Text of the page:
Make sure you haven’t missed a thing with the latest newsletter from Companion Animal Psychology.
Some of my favourites from around the web this month
“Nobody wants to say goodbye to these adorable dogs for ever, but the truth is that it’s wrong to create animals that are destined to suffer.” Veterinarian Pete Wedderburn on how to improve the health of brachycephalic breeds such as Pugs and Bulldogs.
Do dogs really manipulate us? Beware misleading headlines. Marc Bekoff PhD engages with his readers about reporting on two recent studies.
“The ginger creature appeared in my life randomly. Then, little by little, it wormed itself into my home and my heart.“ I adopted a stray cat. I had no idea what I was letting myself in for by Nigel Kendall in The Guardian
How much is that doggie on the website? It might not even exist. Karin Brulliard on online pet sales scams.
Two nice DIY food toys for cats by Pawculture.
“Sometimes bad behavioral traits develop and no one’s to blame. And other times dogs overcome difficult situations to grow into the soul of friendliness. That’s nature. And that’s nurture.” Jessika Hekman DVM PhD on untangling nature and nurture.
Photos, videos and podcasts
Photos of cats doing martial arts by Japanese photographer Hisakata Hiroyuki.
Prehistoric rock art from Saudi Arabia shows dogs on leashes.
Casey Elise Christopher photographs black cats to help them get adopted.
These cat-shaped desserts in Japan are very cute.
Dr. David Mellor talks to CBC about thriving not merely surviving: A fresh perspective on animal welfare.
Here at Companion Animal Psychology
Some of you will have noticed a new affiliate advertiser on this website. If you purchase via my affiliate ads, it gives me a small commission at no extra charge to you, helping to support Companion Animal Psychology.
“It will forever change how we see our aquatic cousins – the pet goldfish included.” This month’s book for the Companion Animal Psychology book club is What a Fish Knows: The Inner Lives of Our Underwater Cousins by Jonathan Balcombe.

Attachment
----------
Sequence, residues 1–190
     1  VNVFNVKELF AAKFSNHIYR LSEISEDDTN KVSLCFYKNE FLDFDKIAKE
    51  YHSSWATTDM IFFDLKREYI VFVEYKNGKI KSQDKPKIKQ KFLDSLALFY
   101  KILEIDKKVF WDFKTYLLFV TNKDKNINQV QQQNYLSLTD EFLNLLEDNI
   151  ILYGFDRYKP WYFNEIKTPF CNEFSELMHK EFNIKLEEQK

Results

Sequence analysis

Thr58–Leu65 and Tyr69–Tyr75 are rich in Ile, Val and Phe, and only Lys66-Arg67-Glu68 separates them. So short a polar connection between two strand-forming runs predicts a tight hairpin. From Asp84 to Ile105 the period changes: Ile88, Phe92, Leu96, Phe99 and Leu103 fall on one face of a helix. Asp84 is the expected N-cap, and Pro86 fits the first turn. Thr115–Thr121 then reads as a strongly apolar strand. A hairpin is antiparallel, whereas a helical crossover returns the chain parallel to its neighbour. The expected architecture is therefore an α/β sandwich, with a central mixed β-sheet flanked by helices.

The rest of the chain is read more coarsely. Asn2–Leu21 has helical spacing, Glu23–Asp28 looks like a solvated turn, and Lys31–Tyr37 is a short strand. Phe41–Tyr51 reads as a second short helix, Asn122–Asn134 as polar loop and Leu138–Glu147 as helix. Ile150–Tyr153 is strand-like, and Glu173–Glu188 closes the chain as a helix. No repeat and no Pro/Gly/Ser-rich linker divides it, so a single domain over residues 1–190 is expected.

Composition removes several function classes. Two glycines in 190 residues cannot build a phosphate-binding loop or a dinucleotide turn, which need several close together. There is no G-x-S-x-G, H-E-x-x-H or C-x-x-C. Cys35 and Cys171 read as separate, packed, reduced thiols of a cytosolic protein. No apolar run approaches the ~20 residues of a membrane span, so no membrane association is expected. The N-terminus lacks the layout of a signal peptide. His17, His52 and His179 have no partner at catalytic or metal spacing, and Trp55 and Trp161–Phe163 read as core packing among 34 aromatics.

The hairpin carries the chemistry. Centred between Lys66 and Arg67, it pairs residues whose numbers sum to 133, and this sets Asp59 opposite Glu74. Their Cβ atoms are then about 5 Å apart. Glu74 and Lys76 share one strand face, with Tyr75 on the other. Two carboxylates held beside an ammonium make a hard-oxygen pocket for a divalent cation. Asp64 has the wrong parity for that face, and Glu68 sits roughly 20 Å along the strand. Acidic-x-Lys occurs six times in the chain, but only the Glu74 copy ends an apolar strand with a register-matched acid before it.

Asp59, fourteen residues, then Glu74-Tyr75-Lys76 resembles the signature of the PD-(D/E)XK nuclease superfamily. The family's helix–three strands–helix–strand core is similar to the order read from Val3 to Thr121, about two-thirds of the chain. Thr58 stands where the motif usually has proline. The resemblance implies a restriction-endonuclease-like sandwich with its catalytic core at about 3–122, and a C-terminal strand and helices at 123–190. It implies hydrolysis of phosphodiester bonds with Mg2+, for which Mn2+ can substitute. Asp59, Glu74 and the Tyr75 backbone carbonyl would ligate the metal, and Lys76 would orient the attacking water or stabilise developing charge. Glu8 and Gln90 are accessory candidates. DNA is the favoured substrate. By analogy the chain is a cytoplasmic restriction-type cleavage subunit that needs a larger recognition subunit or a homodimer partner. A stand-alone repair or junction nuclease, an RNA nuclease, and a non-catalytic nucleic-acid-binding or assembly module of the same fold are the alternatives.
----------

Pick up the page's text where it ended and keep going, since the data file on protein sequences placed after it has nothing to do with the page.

My post on 5 things to do for your cat today has been very well received. It has five things to do right now, and a bonus sixth one to work on over time, to help you have a happier cat.
What is positive punishment in dog training? tells you everything you need to know about positive punishment, including the risks of using it. An essential read for dog owners.
And why do dogs play? looks at a new review of the literature on the reasons play has evolved in dogs, and the implications for animal welfare. It turns out play isn’t always a good sign.
Finally, after a bad experience, dogs’ sleep is affected just as we might have a bad night’s sleep after a stressful day.
As always, subscribe to Companion Animal Psychology to stay up-to-date on evidence-based information about our relationship with pets.
Companion Animal Psychology is a participant in the Amazon Services LLC Associates Program, an affiliate advertising program designed to provide a means for sites to earn advertising fees by advertising and linking to Amazon.com and affiliated sites.
Companion Animal Psychology is also a participant in the Etsy Affiliate Program, an affiliate advertising program designed to provide a means for sites to earn advertising fees by advertising and linking to Etsy.com.